This week’s efforts have been focussed principally on getting Priory and Kergudon ready for Christmas. While it really doesn’t feel like Christmas time as the weather has been anything like wintery, putting up so many decorations and having our first Christmas dinner, albeit not turkey, has started to get us in the mood.
As we had 2 guests arrive with their dog, Jojo, on Saturday to spend their Christmas with us in Priory, we have spent a lot of time in the gîte preparing it for the festive season. As we mentioned in previous blogs, the poêle (wood burning stove) in Priory was very small and not really up to the job of heating the large space and mezzanine. We had purchased a larger poêle from a ‘Gumtree’ style website a few weeks ago but hadn’t installed as we were fortunate enough to have guests stay in Priory and we didn’t want to risk removing the old and not having time to install the new!
In the end, removing the old poêle was far easier than anticipated and, with the help of some hired muscle we managed to lift the new, exceedingly heavy stove into place. I secured the flue plate on the top, it was previously attached to the rear of the stove and cemented in place which required 2 days to cure allowing us to focus on getting the gîte decorated.
While I decorated the Christmas tree, a garland above the fireplace as well as one over the old fireplace in the kitchen, David decorated the Christmas cake that he had made for their welcome basket to add to the other home-made goodies including chutney and piccalilli.
We managed to finish on Friday morning so we could take lots of new pictures and light the new poêle for the first time as well as start to decorate our own home. For those who visited our Balham flat at Christmas will know that we enjoy decorating for Christmas and we want to continue that tradition here.
Friday evening was our first Christmas dinner of the season (although I suspect others reading this may already be approaching double figures!) as we were honoured to be invited to the Christmas meal for the Comité des Fêtes in the Pub St Hubert which gave us a great opportunity to strengthen existing relationships and make new friends.
Saturday’s weather continued to be clear and sunny, having chopped down the large beech tree a few weeks ago has made a big difference to the level of sun in the garden, and we took Garratt for a walk around the Lac du Drennec. As we passed it was only polite to pop into the restaurant Au Lac for a coffee that, as it so often does, became a cheeky beer as Jean-Pascal was trying the seasonal Coreff beer. Lovely and definitely recommended.
Thankfully (or regrettably depending on how you look at it) we didn’t have enough Coreff to prevent me cutting the grass when we got home (I said it had been mild) and progressing the Kergudon decorations while we waited for our Priory guests to arrive who had driven all the way from Alsace. In fact they were not the only guests we have had stay with us this week as we also had a Dutch couple, who had also driven for hours to reach us, in Hayloft for 2 nights as they came to inspect a large house near Morlaix that they had rented for a large family gathering in the summer. Unfortunately they weren’t wowed with their summer location but loved Hayloft – perhaps we can persuade them to stay in Saint Cadou rather than Morlaix in 2016 …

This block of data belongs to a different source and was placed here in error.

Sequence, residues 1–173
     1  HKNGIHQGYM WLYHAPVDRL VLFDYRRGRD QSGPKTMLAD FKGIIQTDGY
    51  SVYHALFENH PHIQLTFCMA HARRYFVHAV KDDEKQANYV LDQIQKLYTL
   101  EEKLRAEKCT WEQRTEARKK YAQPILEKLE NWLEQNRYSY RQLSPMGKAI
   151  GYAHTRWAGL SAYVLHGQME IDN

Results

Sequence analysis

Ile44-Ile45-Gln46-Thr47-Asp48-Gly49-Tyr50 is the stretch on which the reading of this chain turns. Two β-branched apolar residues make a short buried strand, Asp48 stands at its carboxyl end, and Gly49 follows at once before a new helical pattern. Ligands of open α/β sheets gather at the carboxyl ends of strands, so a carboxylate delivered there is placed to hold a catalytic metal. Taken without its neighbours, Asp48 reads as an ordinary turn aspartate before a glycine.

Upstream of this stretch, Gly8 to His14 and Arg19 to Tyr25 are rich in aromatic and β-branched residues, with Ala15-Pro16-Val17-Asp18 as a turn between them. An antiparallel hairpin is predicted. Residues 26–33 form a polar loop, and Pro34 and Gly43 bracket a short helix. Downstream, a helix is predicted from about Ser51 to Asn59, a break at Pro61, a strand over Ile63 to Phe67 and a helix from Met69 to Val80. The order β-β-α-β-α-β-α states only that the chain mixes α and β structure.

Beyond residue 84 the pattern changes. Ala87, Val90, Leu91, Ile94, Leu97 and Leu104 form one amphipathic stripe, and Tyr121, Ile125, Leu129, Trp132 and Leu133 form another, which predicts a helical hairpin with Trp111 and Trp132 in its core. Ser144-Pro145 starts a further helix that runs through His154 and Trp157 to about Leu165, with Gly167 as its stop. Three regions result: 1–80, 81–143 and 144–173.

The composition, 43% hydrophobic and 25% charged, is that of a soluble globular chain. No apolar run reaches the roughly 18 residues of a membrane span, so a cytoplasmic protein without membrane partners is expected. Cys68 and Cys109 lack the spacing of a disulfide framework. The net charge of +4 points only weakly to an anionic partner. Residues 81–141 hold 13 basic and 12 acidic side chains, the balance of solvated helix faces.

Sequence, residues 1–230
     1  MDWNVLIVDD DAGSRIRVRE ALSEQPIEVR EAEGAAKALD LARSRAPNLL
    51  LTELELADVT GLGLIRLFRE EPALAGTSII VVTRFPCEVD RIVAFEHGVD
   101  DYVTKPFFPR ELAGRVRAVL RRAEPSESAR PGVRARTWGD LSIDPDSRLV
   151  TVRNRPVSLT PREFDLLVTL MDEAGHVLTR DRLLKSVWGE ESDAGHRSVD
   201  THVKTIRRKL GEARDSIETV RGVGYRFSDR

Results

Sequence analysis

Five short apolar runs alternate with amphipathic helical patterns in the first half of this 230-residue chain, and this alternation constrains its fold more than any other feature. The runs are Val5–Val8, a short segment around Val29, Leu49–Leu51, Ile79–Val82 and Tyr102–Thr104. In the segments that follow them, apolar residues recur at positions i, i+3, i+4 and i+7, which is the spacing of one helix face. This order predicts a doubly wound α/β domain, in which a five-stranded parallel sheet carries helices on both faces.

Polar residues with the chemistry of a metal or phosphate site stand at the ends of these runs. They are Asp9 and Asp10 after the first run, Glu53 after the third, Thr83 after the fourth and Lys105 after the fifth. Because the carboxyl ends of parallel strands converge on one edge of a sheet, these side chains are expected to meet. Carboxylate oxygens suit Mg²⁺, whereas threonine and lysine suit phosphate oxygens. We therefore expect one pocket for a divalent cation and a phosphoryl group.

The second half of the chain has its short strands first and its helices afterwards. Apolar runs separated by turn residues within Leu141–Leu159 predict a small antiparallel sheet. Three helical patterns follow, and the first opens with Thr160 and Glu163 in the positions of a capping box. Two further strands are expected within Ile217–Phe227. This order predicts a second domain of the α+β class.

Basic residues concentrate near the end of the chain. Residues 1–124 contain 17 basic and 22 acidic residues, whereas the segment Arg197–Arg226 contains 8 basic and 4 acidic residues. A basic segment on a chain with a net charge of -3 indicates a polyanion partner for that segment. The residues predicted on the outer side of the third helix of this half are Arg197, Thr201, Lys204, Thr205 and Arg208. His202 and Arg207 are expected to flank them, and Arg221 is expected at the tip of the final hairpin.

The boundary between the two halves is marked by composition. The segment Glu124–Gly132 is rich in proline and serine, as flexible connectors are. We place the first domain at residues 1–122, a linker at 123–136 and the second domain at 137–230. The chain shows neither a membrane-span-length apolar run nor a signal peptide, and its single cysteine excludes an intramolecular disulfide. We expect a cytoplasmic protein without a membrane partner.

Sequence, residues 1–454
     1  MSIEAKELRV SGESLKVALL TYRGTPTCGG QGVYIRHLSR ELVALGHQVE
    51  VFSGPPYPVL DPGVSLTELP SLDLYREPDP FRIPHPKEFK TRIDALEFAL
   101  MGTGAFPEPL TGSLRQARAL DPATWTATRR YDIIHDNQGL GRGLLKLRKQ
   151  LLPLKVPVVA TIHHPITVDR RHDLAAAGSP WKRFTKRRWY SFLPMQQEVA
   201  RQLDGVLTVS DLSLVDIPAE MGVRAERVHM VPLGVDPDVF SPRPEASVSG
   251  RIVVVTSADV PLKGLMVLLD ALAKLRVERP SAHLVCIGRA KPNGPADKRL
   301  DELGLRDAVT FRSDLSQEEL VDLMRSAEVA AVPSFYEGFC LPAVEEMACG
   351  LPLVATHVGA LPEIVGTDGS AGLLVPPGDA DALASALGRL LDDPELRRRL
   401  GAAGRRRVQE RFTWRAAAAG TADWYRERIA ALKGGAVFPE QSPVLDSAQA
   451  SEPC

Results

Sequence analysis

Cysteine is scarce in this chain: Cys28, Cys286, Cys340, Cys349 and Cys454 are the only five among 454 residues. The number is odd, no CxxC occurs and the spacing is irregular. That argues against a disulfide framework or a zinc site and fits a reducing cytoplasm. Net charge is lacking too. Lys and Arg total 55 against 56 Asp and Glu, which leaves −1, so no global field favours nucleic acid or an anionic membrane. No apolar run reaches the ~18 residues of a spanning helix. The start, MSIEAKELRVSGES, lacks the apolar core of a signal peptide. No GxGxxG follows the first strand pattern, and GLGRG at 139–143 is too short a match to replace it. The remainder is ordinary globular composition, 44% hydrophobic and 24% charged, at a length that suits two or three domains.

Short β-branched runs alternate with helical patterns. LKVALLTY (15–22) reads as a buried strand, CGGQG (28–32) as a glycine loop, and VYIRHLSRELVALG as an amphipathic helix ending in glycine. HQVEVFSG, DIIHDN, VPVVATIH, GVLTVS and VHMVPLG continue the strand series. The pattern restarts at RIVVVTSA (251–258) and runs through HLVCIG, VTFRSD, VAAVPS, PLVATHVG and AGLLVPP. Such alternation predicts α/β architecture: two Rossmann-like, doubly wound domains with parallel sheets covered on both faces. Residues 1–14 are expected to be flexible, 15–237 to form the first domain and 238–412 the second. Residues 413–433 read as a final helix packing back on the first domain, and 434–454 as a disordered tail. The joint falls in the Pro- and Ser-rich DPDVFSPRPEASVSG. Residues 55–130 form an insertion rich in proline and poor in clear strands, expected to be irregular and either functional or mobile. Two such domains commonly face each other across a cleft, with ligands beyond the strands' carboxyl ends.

We had to finish our own decorations on Sunday as we had invited a number of our friends and neighbours who have helped us out during the course of the year for Christmas drinks in the afternoon. The invitation said between 3 and 5 but, as for our spring welcome drinks, we ended up in the pub after our own drinks and the last guest departed shortly after 1 am – hence no blog last night!
Thankfully we woke this morning in reasonably good form (David even managed to give one of his regular PT sessions over Skype to a UK based client) but have had a fairly gentle day (mostly as the weather has been very wet (glad I got the grass cut!!).
We are now very much looking forward to our first Christmas together in our new house and we are being joined by 2 friends from the UK as well who were due to sail from Plymouth to Roscoff overnight with their dog, a lovely Weimaraner. However, we have just received phonecall from them to say that they have not been able to board as their dog’s passport has not been filled out correctly by their vet! I cannot understand how it can be that vets, who are evidently intelligent, highly educated people, manage to screw up such a simple but essential piece of paperwork so often causing so much frustration. We have experienced it ourselves when taking Garratt back to the UK and heard about it so often from guests who have bought their dogs on holiday with them.
The upshot for our friends is that they are having to take their dog to relatives and leave him in the UK while their trip to us is shifted 24 hours right. At least we get to see our friends but they won’t be able to have Christmas with their own dog, Garratt won’t have a playmate and one of their families will have to care for their pet for a week who will have his own Christmas without his family and master.
Wherever you are for Christmas, David and I hope you have the Christmas you wish for, be it restful and relaxed or riotous and rowdy, and, if you’ve been good, that Father Christmas brings you all that you deserve.